(Portland, OR: University of Hell Press, 2016)
The funeral director took my hand between her palms, looked into my eyes, and murmured I’m sorry for your loss. There were papers to sign, urns to peruse. Did we like a traditional navy with stripes? American flags? Dolphins? The irony of this somber kitsch would not be lost on my artist-father, but of course he wasn’t here to comment. I floated outside and above myself. Nothing below made sense. Swarm Theory, Christine Rice’s novel-in-stories, feels something like this; levity bounces against horror, and everything is always coming unmoored. The book’s linked narratives circle around points of impact, with characters reeling in the aftermath. One can imagine a stern god shaking the earth, people flailing for a hand to yank them back to solid ground.
One of the characters caught in this tilt-a-whirl landscape is Astrid, a teenager with a womanizing father and a mother whose default mood is fury. Together, Astrid’s parents form a maelstrom:
A whirlwind of stainless steel mixing bowls, spoons, spatulas, a bag of Gold Medal Flour, a roll of 35-millimeter-film, onions, lemons, and bits of dough orbited him as if he’d become the king of a very odd universe.
My folks never acknowledged the chaos swirling around them, maybe because it never touched them. Only me. But I would stand there, dumbly unable to speak, watching the bedlam. By the time it stopped, I’d be drenched by rain, pelted by hail, flattened by their whirlwinds.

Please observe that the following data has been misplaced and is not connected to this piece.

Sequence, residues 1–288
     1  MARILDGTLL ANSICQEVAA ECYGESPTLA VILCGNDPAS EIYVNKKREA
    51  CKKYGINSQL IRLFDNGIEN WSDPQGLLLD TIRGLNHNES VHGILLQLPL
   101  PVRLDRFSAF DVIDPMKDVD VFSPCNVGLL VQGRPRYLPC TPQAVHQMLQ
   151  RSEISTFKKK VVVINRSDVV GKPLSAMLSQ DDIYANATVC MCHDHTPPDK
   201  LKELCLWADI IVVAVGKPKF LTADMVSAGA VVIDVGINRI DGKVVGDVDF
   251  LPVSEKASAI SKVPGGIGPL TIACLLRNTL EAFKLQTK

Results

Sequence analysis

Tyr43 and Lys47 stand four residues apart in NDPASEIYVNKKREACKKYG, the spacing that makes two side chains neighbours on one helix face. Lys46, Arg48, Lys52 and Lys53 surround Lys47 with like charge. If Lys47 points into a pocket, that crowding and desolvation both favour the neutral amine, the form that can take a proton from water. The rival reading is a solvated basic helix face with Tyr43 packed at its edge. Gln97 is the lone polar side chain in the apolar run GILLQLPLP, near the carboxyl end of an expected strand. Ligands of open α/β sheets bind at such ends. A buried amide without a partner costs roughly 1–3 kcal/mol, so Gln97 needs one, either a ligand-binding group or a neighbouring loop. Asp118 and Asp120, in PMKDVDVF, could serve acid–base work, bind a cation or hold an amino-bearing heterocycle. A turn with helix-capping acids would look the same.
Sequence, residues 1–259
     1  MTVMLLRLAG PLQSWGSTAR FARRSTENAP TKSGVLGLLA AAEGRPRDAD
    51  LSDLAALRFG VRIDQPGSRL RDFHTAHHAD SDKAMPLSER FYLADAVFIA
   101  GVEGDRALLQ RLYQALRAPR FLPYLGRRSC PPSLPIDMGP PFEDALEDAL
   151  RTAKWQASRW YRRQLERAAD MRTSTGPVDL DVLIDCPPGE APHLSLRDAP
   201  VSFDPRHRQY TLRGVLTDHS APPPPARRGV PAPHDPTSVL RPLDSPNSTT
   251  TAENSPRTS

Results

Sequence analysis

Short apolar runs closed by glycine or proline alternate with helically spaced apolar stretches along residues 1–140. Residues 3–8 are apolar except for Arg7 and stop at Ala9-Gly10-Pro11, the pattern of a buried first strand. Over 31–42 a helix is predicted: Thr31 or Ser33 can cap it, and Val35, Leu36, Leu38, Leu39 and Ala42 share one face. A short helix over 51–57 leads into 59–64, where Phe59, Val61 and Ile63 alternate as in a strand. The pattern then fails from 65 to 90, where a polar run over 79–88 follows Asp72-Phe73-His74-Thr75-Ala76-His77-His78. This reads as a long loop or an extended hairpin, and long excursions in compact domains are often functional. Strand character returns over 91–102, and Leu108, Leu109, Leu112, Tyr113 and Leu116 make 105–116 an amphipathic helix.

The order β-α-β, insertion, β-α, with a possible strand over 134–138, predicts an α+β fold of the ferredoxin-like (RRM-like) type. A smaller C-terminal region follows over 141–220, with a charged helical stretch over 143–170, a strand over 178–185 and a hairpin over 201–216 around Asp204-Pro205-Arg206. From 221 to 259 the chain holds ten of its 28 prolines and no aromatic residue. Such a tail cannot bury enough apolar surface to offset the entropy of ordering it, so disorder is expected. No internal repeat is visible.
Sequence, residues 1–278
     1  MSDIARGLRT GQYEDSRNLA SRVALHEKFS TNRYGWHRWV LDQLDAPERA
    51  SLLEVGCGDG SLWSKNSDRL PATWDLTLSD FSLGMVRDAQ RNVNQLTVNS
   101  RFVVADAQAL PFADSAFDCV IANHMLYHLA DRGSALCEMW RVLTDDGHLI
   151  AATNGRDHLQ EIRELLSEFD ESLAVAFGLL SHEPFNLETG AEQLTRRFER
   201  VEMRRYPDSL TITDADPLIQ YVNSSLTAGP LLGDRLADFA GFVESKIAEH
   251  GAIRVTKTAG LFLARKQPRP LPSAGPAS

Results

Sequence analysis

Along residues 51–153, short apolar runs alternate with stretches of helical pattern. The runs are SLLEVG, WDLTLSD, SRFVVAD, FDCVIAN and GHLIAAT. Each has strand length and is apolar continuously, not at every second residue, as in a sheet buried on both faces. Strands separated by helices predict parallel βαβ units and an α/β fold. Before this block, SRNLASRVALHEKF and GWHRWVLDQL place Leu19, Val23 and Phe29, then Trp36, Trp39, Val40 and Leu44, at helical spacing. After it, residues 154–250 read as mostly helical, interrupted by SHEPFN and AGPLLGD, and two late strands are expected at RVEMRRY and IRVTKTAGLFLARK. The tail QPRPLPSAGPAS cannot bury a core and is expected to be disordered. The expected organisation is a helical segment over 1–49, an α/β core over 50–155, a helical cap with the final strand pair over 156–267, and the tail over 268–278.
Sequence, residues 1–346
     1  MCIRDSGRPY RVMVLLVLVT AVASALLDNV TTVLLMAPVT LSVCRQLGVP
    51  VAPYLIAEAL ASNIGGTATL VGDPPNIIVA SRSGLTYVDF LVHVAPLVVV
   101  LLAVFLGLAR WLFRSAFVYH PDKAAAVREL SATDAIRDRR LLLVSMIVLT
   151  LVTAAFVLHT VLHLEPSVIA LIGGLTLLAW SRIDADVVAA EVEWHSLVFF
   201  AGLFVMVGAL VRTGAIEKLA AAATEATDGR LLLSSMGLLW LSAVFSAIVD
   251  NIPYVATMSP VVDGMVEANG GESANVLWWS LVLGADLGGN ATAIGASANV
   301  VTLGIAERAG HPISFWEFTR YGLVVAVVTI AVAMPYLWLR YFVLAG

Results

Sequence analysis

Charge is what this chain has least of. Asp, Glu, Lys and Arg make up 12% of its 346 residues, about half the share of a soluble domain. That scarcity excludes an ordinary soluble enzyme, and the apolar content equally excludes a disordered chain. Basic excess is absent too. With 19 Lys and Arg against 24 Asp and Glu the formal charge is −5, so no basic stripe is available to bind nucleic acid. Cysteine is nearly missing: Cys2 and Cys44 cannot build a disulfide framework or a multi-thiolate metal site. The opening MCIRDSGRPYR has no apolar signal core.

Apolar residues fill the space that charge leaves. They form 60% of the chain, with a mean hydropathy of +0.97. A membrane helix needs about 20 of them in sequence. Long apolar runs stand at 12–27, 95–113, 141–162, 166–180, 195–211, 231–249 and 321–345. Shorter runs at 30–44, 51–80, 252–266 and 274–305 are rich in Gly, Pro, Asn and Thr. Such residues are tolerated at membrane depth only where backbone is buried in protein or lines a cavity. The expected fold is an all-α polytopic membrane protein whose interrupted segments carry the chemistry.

Astrid’s reaction is to push for more turmoil, to maneuver into situations where she can spit in the face of chaos. A tornado rips its way across the landscape, and Astrid convinces friends to hunt the storm in her old Chevy Monte Carlo. She floors the swaying, wind-buffeted car to the lip of the storm, feels the wheel wrenched from her control, and realizes, “This was reality: hovering in space, unanchored, with no one and nothing to pull us back down.”
This unanchored feeling is recurrent throughout Swarm Theory, a character in its own right. Astrid’s mother, Leila, seeks counsel from a longtime acquaintance, a Catholic priest named Maurice. The relationship blossoms into a love affair. Maurice, a man of faith, is also a nonconformist whose noncompliance with the church’s stance on issues such as abortion and homosexuality has raised red flags. He adores Leila – has loved her in secret for sixteen years – and is prepared to leave the priesthood for this woman, whose “moods could swing wildly and were equally intense – tsunami-like, upending. This was it, he’d decided: hold on tight, let it sweep him away, let it fill his lungs and drown him.” Leila and Maurice, compelled to secrecy, meet at a shop on the outskirts of town called the Whoopee Bowl. But even their rendezvous spot resembles a tinderbox primed to blow, a “jumble of junk” where a “storm could spontaneously erupt.” Love has no ballast in such a tempest. And yet no matter how often it gets tossed about, beaten, pummeled, we sense that love will persist, tendriling plantlike towards the sun.
While most of the characters in Swarm Theory are plagued by self-doubt, Dovey is as self-centered as she is glib. An off-off-off Broadway dancer, she marries a breadwinner, moves with him out to the ‘burbs, and then shifts into a regular motel-room dalliance with a compulsive adulterer (the aforementioned father of Astrid). Dovey’s dupe husband has a son, Brooks. Brooks has complicated feelings about his stepmother, who he has dubbed “The Showgirl.” The Showgirl, he derides, prances around town in “pumps, tight pants, and a blouse unbuttoned to show off her cleavage,” with her Pekingese, Barbra Streisand, in tow. At the same time, Brooks admires her skill at deflecting neighbors’ smirks and sideways glances: